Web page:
Green legs and a very silly walk
In bygone days, there were countless spots by the side of the river where the washerwomen of Odense would work themselves to the bone. They would stand knee-deep in the river washing laundry by placing it on a large stone and beating it with a flat block of wood. One of the washing sites was located here, below the Priory of the Noble Virgin, and has now been recreated to allow us a tangible insight into history.
Coloured drawing of Odense’s Priory for Unmarried Noblewomen in 1840. Note where Påskestræde joins the river to the right, where the riverside laundry was later reconstructed, which is where you are now standing.
H.C. Andersen’s own mother was a washerwoman, and the author immortalised Odense’s riverside washerwomen in the fairy tale “She Was Good for Nothing”. Read the fairy tale “She Was Good for Nothing”.
Town map of Odense from1861. The river was a natural southern town boundary.
Here, next to the washing site is the Albani Bridge, which was built in 1858 by one of Odense’s great industrialists, M.P. Allerup. The following year, in 1859, the Albani Brewery opened opposite the washing spot, right where it still stands today. The name “Albani” comes from St Alban’s Church, which used to be on Albani Torv.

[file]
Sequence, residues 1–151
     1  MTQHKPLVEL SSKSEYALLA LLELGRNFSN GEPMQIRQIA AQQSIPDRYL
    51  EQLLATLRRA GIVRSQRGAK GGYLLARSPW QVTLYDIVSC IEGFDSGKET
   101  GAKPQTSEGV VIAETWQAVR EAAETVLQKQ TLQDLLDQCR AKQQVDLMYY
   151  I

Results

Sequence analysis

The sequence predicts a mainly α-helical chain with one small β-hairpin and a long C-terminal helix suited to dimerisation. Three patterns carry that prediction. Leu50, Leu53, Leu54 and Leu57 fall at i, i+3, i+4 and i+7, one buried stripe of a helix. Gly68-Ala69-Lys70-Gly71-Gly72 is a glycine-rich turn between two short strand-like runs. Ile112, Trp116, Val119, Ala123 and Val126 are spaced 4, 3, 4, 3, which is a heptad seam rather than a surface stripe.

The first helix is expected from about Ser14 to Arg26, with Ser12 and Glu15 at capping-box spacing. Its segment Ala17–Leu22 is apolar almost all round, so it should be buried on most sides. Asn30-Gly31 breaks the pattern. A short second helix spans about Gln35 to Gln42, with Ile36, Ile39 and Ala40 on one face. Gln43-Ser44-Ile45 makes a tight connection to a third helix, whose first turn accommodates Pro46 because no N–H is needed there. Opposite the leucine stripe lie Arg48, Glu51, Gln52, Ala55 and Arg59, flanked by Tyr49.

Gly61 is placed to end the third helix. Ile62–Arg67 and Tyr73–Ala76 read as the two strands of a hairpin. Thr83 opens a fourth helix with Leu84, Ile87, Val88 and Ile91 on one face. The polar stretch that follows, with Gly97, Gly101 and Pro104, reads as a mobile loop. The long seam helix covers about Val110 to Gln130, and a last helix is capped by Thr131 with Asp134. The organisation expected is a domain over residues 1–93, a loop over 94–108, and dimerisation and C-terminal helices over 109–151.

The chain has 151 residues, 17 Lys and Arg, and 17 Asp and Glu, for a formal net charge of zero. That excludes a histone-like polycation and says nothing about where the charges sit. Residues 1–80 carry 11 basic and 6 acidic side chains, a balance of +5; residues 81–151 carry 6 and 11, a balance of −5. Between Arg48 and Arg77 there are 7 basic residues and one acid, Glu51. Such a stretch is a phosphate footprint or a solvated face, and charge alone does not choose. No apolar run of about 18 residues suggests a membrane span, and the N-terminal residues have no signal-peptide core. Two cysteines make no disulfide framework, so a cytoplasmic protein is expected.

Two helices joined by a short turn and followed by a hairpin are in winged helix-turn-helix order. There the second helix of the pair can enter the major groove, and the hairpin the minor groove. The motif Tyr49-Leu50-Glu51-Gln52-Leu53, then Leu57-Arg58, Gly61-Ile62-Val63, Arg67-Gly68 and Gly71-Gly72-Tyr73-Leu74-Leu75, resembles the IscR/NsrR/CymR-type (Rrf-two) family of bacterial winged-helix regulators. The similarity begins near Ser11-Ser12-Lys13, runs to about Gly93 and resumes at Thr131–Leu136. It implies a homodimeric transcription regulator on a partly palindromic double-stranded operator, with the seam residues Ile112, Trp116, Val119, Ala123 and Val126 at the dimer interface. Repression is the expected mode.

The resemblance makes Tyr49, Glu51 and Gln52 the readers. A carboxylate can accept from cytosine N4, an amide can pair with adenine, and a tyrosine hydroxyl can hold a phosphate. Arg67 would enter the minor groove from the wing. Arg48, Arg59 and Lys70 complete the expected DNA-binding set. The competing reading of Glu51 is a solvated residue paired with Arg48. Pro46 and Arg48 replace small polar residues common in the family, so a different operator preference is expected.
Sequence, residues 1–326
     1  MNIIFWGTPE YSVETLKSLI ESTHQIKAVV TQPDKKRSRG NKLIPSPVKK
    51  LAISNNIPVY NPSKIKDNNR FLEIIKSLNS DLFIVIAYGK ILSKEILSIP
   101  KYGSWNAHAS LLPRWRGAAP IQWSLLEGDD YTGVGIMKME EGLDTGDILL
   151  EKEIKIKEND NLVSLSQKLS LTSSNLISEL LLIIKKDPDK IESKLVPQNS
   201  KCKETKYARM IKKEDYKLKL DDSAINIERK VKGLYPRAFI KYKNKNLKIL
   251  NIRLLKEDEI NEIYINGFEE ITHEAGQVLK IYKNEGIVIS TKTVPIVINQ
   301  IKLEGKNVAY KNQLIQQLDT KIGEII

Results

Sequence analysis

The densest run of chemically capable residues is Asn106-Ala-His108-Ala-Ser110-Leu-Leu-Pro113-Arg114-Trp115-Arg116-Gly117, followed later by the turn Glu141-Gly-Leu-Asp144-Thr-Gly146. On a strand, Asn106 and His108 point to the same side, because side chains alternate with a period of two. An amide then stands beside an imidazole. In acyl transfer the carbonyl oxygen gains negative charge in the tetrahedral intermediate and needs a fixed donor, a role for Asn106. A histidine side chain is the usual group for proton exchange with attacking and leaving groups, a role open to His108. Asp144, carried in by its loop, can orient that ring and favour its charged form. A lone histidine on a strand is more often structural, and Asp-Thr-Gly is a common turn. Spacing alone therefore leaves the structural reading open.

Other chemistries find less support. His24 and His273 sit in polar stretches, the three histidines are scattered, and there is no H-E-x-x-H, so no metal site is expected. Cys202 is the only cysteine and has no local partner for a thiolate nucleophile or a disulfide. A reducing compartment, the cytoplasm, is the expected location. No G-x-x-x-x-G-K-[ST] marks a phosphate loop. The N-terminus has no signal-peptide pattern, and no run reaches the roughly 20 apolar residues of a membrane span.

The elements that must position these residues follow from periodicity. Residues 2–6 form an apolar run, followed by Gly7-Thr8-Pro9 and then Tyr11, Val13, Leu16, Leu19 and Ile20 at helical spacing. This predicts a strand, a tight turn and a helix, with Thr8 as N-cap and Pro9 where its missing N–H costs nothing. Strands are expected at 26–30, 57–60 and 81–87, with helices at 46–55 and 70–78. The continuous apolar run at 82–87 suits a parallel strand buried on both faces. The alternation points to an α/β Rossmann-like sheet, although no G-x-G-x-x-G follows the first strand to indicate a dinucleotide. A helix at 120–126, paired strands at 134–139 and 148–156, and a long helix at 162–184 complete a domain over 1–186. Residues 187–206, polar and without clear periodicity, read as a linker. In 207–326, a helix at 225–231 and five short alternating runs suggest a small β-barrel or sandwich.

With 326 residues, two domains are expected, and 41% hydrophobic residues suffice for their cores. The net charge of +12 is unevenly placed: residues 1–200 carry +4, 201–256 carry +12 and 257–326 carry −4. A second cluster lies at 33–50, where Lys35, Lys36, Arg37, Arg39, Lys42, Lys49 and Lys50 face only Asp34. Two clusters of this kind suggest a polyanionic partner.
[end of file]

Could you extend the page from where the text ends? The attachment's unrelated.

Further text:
Photo from 1860. The Albani Brewery, viewed from Odense’s Priory for Unmarried Noblewomen. In the foreground Odense Å.
According to legend, the bell in the church tower came undone and flew out, landing in Odense Å. The bell landed at the deepest part of the river, at this spot, opposite the Priory of the Noble Virgin. You can hear the bell ringing on starry nights, as it talks to the Man of the River who lives in Odense Å.
The Albani bridge, approx. 1900. View southward to Odense Å. Is this the deepest point of the river?
The Common Moorhen also lives in the river. The species is thriving in Odense’s town centre parks, with their lakes and watercourses. It has a rather funny walk, as it raises its feet high with each step alternately spreading and clenching its feet. This is practical on a muddy surface, but on the grass of the park it looks like something from Monty Python’s Ministry of Silly Walks.
The two types of moorhen, the Common Moorhen and the Eurasian Coot look rather similar, but can be distinguished by the frontal shields they have on their foreheads. The Eurasian Coot has a white frontal shield. The Common Moorhen’s frontal shield is red. As you can see from the picture, the Common Moorhen has very green legs indeed!